Why We Shouldn't Celebrate Dylann Roof's Death Sentence
On January 10, 2017, serial killer and hate criminal Dylann Roof was sentenced to death for the 2015 murder of nine African Americans at the Emanuel African Methodist Episcopal Church in Charleston. Upon interrogation, Roof admitted his assault was racially motivated and that he intended to spark a race war in the United States.
Roof endured a lengthy, public trial that concluded with a death sentence on January 10. Despite the savagery of his crimes, Roof was afforded the rights and protections guaranteed by the Constitution—a testament to the American commitment to equal due process.
Then why shouldn’t we celebrate? Actually, it’s the very fact that Roof enjoyed the protections guaranteed to American citizens.
According to various pieces of legislation, the president has the authority to detain suspected terrorists indefinitely, and can try them in secret in front of unaccountable military tribunals. Once a person—even if they are a citizen—is suspected of engaging in terrorism, they effectively lose most of the rights guaranteed in the Bill of Rights.
Of course, Dylann Roof wasn’t charged with terrorism. And that’s the problem.
According to the U.S. Code of Federal Regulations, terrorism is defined as “the unlawful use of force and violence against persons or property to intimidate or coerce a government, the civilian population, or any segment thereof, in furtherance of political or social objectives.” Dylann Roof unlawfully shot and killed nine black people—clearly an act of intimidation—in order to initiate a race war. Considering the above definition, it is difficult to argue that his crimes do not constitute acts of terror.
So, what? As mentioned, a person is capable of losing their Constitutional protections once suspected of terrorism. Because he was charged with committing hate crimes and not terrorism, Dylann Roof received a public trial by jury, was offered legal counsel (though he refused), and was fairly convicted of his crimes.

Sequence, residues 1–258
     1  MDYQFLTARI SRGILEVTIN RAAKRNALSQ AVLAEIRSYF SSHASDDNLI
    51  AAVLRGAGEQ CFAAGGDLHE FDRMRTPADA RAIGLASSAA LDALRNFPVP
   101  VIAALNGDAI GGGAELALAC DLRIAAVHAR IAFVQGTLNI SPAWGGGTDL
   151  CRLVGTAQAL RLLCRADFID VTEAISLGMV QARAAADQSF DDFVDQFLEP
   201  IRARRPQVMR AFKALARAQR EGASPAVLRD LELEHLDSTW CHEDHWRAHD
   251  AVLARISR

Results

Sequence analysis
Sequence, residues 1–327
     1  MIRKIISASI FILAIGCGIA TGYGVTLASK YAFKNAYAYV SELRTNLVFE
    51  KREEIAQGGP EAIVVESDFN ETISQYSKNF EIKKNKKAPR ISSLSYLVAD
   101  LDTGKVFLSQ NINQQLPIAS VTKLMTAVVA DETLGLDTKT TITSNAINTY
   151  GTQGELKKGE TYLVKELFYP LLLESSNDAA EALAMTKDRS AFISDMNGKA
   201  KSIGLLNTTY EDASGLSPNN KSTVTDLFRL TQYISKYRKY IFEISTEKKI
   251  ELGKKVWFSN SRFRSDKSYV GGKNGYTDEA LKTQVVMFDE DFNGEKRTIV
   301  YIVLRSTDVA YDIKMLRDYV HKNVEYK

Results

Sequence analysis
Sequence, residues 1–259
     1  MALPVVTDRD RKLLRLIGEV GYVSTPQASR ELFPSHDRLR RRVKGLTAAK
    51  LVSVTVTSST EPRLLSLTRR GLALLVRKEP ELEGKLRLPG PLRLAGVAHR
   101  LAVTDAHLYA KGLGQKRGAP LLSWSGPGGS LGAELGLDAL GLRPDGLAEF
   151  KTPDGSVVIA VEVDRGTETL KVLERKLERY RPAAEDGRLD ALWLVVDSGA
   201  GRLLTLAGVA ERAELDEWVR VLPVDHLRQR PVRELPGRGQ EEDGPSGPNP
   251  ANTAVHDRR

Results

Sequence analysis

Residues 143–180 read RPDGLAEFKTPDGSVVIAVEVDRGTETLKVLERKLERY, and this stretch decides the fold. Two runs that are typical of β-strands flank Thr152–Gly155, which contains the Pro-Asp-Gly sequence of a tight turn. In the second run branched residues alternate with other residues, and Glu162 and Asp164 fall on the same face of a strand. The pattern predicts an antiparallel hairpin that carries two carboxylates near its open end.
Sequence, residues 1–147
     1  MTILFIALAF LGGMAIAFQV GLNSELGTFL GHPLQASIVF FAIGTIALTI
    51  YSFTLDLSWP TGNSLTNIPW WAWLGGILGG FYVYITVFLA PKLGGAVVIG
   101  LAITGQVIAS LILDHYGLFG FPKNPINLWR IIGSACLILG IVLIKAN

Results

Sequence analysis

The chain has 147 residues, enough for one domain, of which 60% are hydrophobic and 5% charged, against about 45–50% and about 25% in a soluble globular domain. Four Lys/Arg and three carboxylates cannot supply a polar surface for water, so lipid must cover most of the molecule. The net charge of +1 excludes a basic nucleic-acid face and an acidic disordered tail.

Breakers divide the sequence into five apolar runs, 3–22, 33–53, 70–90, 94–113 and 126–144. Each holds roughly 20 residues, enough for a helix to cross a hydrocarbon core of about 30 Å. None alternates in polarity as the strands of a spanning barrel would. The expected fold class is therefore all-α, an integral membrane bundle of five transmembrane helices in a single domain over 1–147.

The case of American citizen Anwar al-Awlaki provides a stark contrast. Unlike Roof, the activities of al-Awlaki were considered terrorism, effectively revoking his Constitutional rights, and allowing President Obama to order his execution without even levying formal charges.
Those inconsistencies reveal the deeply entrenched racial problems that continue to afflict our nation.
Let’s conduct a thought experiment and alter the roles of the Charleston church shooting. Imagine Dylann Roof was an American citizen of Middle Eastern descent named Muhammad Hussein. Instead of shooting dead nine black churchgoers, Mr. Hussein killed nine white ones, claiming his intent was to ignite a holy war between Muslims and Christians. It is almost impossible to imagine that in the hypothetical Muhammad Hussein would have received the same treatment as Dylann Roof did.
The fluid application of the term ‘terrorism’ reveals the racial characteristics we attach to it. When a white person commits an act of terror against a black community, they receive fair treatment and equality before the law. When a person of Middle Eastern descent commits the same crime against a white community, they effectively lose their rights and are subjected to brutal treatment.
Of course, Dylann Roof’s sentence is cause for some celebration. His vicious crimes were met with justice and he received an appropriate sentence. That he was afforded the rights and protections that are routinely denied to his non-white counterparts reveals the institutional racist policies that privilege white criminals, an embarrassing aspect of our justice system that is certainly not cause for celebration.
Photo Credit: JASON MICZEK / Reuters file